Schedule II substances, which have proven medical value but high risk of addiction (oxycodone, methadone, opium, etc.), are tightly regulated by the FDA. Whereas Schedule I drugs are simply illegal across the board, Schedule II drugs must follow rigorous testing and meet a very specific set of standards before hitting the market. The process is both timely and costly, and would likely push most small-time businesses out of the marketplace all together. Big cannabis companies would take over, threatening a monopoly on the industry and thus price gouges, especially considering that personal cultivation would officially be illegal as a Schedule II substance, as well.

Rescheduling cannabis to be a Schedule II substance would mean the end for home-growing
Rescheduling cannabis to be a Schedule II substance would mean the end for home-growing. photo credit

An Alternative to Rescheduling Cannabis

In 2015, Senator Bernie Sanders proposed a bill (pdf) that would remove cannabis from the controlled Substance Act all together. Though the bill unfortunately did not pass, it did make huge waves in our collective understanding of substance classification laws. Descheduling cannabis (removing it from the CSA) would put it in the same category as tobacco and alcohol which are unregulated by the CSA.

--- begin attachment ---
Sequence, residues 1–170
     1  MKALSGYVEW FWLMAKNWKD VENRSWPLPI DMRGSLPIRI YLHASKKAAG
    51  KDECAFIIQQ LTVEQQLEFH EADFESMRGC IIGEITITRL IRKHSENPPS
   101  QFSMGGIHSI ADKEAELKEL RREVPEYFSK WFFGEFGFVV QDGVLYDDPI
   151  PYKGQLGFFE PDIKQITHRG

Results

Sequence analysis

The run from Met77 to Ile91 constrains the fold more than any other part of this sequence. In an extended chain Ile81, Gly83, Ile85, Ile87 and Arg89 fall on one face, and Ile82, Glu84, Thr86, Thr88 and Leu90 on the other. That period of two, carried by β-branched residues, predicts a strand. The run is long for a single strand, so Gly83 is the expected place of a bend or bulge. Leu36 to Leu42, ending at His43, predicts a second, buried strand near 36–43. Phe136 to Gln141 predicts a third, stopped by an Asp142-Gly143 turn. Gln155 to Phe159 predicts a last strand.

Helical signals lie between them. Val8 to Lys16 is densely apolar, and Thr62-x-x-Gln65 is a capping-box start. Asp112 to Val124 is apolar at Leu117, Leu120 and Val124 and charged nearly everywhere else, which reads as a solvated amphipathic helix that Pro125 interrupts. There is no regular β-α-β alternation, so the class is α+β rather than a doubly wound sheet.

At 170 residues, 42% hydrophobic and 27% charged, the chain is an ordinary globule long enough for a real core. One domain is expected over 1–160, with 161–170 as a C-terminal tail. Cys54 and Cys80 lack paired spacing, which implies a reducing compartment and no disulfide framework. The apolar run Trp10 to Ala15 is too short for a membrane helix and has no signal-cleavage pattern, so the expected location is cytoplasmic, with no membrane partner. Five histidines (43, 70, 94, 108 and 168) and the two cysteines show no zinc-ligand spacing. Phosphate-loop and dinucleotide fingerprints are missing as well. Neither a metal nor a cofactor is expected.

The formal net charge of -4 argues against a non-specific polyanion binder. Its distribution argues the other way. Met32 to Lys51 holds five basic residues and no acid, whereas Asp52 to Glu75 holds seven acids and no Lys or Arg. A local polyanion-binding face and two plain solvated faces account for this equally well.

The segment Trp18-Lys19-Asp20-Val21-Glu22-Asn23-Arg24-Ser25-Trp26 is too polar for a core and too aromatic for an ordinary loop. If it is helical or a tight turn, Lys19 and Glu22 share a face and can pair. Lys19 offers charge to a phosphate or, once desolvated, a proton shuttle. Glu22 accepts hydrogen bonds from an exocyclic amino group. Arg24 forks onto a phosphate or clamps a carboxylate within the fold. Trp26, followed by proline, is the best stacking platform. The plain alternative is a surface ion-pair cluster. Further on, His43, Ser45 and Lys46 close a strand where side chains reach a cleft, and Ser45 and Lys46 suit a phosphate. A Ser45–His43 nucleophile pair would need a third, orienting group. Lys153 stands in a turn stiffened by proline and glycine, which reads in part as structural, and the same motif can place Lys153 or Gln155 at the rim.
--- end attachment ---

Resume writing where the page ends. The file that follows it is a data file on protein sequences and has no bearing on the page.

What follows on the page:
Descheduling cannabis would leave the door open for new federal cannabis regulations, similar to those in place for alcohol and tobacco, without forcing us to throw out what regulatory framework we already have in place.

Cannabis has been misclassified since the inception of the Controlled Substance Act. It’s erroneous label has forced many people to suffer needlessly by either not receiving the medicine they need; being punished for using/distributing a plant; or being condemned by family, friends, and employers for medicating and relaxing with a substance that has been proven safe for consumption.

In doing, the FDA has implied that they do not have the best interest of the American people at heart – if they did, they would have tackled this issue long ago. This has led to great distrust and a greater willingness to break established laws.

By removing cannabis from the CSA, we would open the path towards a greater understanding of cannabis (including both its social and physical impact), improve the lives of those who need it for medical purposes, and support an industry by and for the people. It’s important to demand change, but we have to make sure we understand the implications of our demands before we do.

Do you think cannabis should be rescheduled? Descheduled? Tell us why.

Photo Credit: Misha Popovikj (license)


Abby Hutmacher Abby Hutmacher

Abby is a writer and founder of Cannabis Content, a marketplace designed to connect cannabis writers and creatives with businesses in the industry. She has been a professional cannabis writer since 2014 and regularly contributes to publications such as PotGuide and M&F Talent. She is also the Content Director at Fortuna Hemp, America’s leading feminized hemp seed bank. Follow Abby on Facebook, Twitter, and Linkedin.